• We took time today to explain how we make decisions. Did you find it interesting and worthwhile? What else would you like to know about our reporting process?
  • We know this is a tough time to keep up with the news, and we want to be your most trusted source for information about our community. A shared set of facts and a place to talk about them are core to democracy. We’d love to hear from you: What questions can we answer about how our newsroom operates?

✨ More tips on how to ask for audience input about your work can be found in this Trust Kit.

Another way to get started with transparency is to keep track of what you wish people knew about your journalism.

How would your job (and your colleagues’ jobs) be easier if people understood some basic things about how you operate? What misassumptions do people have about your work?

What do your reporters hear in the field? What comes into your inboxes? What accusations or questions get thrown your way in comments — yes, even if people are yelling at you in all caps!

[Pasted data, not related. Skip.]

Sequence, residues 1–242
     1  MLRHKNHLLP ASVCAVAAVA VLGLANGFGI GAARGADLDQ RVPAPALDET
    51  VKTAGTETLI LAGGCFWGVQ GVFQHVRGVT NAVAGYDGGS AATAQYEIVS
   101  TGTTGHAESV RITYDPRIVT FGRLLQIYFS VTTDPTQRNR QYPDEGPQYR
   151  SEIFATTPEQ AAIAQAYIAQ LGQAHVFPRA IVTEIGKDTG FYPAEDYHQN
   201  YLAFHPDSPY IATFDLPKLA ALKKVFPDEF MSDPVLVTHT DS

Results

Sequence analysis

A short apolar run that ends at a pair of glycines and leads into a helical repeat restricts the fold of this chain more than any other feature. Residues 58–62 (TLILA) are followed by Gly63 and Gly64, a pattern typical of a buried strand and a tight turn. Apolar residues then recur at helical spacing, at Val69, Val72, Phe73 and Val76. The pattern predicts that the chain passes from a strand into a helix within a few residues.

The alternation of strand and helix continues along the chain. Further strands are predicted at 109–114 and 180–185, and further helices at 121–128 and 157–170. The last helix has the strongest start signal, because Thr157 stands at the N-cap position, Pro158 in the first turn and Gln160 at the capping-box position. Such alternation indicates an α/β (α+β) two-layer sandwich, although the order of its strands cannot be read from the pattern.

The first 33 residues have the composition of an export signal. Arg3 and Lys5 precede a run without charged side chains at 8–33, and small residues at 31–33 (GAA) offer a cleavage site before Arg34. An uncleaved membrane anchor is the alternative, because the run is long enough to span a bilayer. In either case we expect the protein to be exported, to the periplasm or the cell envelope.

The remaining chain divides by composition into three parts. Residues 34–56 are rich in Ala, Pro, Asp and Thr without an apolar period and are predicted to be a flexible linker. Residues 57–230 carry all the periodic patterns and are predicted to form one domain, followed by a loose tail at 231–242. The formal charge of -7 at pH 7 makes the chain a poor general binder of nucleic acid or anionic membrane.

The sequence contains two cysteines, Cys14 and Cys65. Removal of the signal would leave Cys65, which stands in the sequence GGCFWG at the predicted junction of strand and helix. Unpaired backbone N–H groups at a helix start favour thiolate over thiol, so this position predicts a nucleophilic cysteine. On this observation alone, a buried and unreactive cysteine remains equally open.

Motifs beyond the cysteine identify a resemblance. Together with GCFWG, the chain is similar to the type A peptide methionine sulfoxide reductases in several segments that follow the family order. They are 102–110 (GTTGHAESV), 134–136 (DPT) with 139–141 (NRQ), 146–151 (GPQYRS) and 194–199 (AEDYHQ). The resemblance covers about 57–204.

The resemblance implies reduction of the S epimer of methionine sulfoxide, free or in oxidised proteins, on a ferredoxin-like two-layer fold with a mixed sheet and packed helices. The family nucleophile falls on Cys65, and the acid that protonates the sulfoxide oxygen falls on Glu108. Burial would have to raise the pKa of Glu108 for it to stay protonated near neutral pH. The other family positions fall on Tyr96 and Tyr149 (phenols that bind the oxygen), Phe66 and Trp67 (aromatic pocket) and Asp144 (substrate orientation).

A helpful tool is to reframe those misassumptions and accusations as questions. Strip away the tone (and maybe the adjectives!), and get to the core of what someone clearly does not know about your work.

Here’s an example:

You might hear from the public:

You cover this candidate more because you want her to win.

Reframe that as a gap in the person’s understanding of how you operate. What do they clearly not know?

How do journalists decide which races and candidates to focus coverage on?

Now THAT’S a question a lot of people — including people operating in good faith with genuine curiosity — likely have. And it’s a question you can answer.

Step two: Turn those facts into a list of questions

At this point, you should have a good collection of what you wish people knew about your work. Turn each idea into a simply worded question. Be sure to phrase the questions in language people would actually use, not jargon.

On the topics of government, democracy and elections, your list might include questions like:

  • How do journalists decide which races and candidates to focus coverage on?
  • How do you work to be fair in your political coverage?
  • Does your staff or organization have connections to candidates or parties?
  • How do you fact-check candidates’ claims?
  • How do you decide when to cover something negative about a candidate?
  • How do you cover polls, and why does your news organization do your own polling?